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Month: October 2018

Re: [trinity-users] Re: [users] Re: In defense of TDE copy

From: William Morder <doctor_contendo@...>
Date: Fri, 5 Oct 2018 07:01:47 -0700

On Friday 05 October 2018 04:37:43 E. Liddell wrote:
> On Fri, 5 Oct 2018 02:48:35 -0700
> William Morder <doctor_contendo@...> wrote:
> > On Friday 05 October 2018 00:19:47 Felmon Davis wrote:
> > > On Thu, 4 Oct 2018, J Leslie Turriff wrote:
> > > > On 2018-10-01 14:21:14 Kate Draven wrote:
> > > >
> > > > [ ... deleted ... ]
> > > >
> > > >> As for drivers,what do you mean? I've never had to install drivers.
> > > >> I HAVE had to install them in Apple and MS. That's a nightmare.
> > > >> Perhaps I'm mistunderstood (which is likely).
> > > >
> > > > 	The only ones I know of are the video drivers (which are optional).
> > > >
> > > > Leslie
> > >
> > > not sure what counts as a 'driver' but I have had to install some
> > > package for Brother printers and 'firmware' for wifi (Intel).
> > >
> > > if this is just a matter of semantics then let's not fuss.
> > >
> > > the fact remains that for some it's not all "out of the box" or
> > > whatever to call it.
> > >
> > > f.
> >
> > Maybe what was meant was dependencies rather than drivers? Brother
> > printers, and other such items, are special cases, because one doesn't
> > get the deb packages (or rpm, yum, etc., according to the distro) from
> > the standard repositories, but must download them from the manufacturer's
> > website. (I, too, wrestle with a Brother printer.) There, perhaps, one
> > means to say drivers, even if they are deb packages.
> >
> > When I read the word *driver*, however, I immediately thought that it
> > sounded more like a Windoze or rotten Apple user, who had recently
> > switched to Linux, and was unfamiliar with the repositories, or how to
> > use apt. If we knew more, we might be able to make suggestions, or offer
> > other help.
> Um, no, "driver"--a piece of software that makes it possible to communicate
> with a piece of hardware--is the correct term, and you're using them all
> the time in Linux, too.  It's just that most of the more common ones are
> treated as part of the kernel (or of CUPS and its supporting packages), so
> you never notice them.
> There are a lot of drivers that are or have been maintained outside the
> kernel, though, and these often have to be installed separately.  The
> printer drivers and the proprietary 3D acceleration drivers for nVidia and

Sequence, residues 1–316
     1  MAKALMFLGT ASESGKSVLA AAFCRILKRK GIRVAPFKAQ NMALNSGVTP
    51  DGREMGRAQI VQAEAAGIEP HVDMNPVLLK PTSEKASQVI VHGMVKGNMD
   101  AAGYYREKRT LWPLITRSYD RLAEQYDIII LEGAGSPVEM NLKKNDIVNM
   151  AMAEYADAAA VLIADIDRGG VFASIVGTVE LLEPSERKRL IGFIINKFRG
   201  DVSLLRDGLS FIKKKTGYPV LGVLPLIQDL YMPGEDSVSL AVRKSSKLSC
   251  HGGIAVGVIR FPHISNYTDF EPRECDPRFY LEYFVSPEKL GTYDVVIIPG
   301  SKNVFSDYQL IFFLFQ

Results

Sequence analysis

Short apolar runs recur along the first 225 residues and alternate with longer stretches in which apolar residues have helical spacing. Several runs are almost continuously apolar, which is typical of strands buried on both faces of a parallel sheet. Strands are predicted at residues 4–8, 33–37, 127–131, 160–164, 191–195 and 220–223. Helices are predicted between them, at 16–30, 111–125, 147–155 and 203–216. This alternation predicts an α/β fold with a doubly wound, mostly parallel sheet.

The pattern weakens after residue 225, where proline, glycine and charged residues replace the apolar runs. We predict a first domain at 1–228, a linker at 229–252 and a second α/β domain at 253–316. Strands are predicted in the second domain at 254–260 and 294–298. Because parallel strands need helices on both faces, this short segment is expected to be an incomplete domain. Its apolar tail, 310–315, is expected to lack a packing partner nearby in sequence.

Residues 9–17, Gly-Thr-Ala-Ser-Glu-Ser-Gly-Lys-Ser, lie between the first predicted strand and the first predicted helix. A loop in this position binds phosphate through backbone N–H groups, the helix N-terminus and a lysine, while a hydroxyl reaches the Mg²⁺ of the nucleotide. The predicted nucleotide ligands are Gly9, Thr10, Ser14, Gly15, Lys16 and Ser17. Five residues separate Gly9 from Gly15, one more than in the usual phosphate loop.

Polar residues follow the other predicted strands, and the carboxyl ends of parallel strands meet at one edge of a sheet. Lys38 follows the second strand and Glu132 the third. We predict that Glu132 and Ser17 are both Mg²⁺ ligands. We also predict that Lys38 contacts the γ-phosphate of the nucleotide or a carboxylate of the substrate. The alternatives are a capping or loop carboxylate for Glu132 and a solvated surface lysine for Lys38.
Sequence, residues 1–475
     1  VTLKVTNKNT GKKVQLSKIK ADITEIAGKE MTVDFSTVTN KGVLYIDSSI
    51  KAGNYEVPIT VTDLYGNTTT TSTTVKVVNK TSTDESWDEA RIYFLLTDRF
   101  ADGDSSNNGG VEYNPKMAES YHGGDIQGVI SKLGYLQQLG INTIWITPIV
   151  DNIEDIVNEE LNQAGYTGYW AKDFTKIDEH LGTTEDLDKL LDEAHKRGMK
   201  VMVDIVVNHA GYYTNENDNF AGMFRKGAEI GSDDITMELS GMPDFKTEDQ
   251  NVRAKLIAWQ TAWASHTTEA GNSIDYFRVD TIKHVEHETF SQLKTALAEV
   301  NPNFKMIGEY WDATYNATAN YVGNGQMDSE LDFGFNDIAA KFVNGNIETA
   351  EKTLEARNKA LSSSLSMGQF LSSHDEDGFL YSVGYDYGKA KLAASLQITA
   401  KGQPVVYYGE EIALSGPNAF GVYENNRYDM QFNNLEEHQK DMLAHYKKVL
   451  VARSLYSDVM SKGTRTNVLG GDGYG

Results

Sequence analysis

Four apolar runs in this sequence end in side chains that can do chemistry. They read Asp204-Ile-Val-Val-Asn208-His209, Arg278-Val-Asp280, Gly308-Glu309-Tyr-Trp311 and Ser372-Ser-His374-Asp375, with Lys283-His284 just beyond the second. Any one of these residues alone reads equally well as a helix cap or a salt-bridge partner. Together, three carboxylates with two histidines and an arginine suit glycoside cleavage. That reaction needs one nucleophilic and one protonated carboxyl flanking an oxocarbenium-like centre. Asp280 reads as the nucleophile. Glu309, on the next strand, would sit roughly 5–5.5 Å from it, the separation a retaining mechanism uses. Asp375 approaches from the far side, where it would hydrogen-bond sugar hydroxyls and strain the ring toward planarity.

> AMD are the most common, but there are others:  drivers for network
> equipment, modems, smartcard readers, crypto dongles, game controllers, and
> other oddly specific hardware that most people never run into.  They may or
> may not be in your distro's repositories, depending on who wrote the
> driver, what the distro's position on proprietary code is, and other
> factors.
> I'm currently running an externally packaged driver for my motherboard's
> internal sensor chip, because support for the it87 family of chips has been
> slow in reaching the kernel.
> TL;DR:  drivers have always been in Linux, too, and they're not going
> anywhere.
> E. Liddell

Yes, thanks, I do know what drivers are, and also that we have them in Linux. 
It's just that I don't usually think specifically of drivers, because I just 
install the packages I need, and they come with them as dependencies, or they 
come bundled with the kernel, or other packages. I rarely have found myself 
thinking about drivers, except in those cases where I need them for something 
like my Brother printer. 

I assumed readers would know I meant that, in Linux, drivers are packaged in a 
such a way that quite often we "never notice them", as you put it; except, 
that is, when it comes to third-party, proprietary stuff. In Linux, I rarely 
read about drivers, even though I know that they are there; whereas when I 
ran Windoze (nearly fifteen years ago now), drivers seemed to occupy much 
more of my attention. Except for my printer, I don't use proprietary 
anything; and if I can get my printer to work without it, they I will have 
all free/libre software. 

The wording of that earlier thread (which has now been lost) reminded me more 
of a Windoze discussion, so I was just guessing, perhaps wrongly, that the 
user had recently switched from another platform to Linux. 

Thanks for the message, as I am glad to see that your address is not getting 
marked as spam.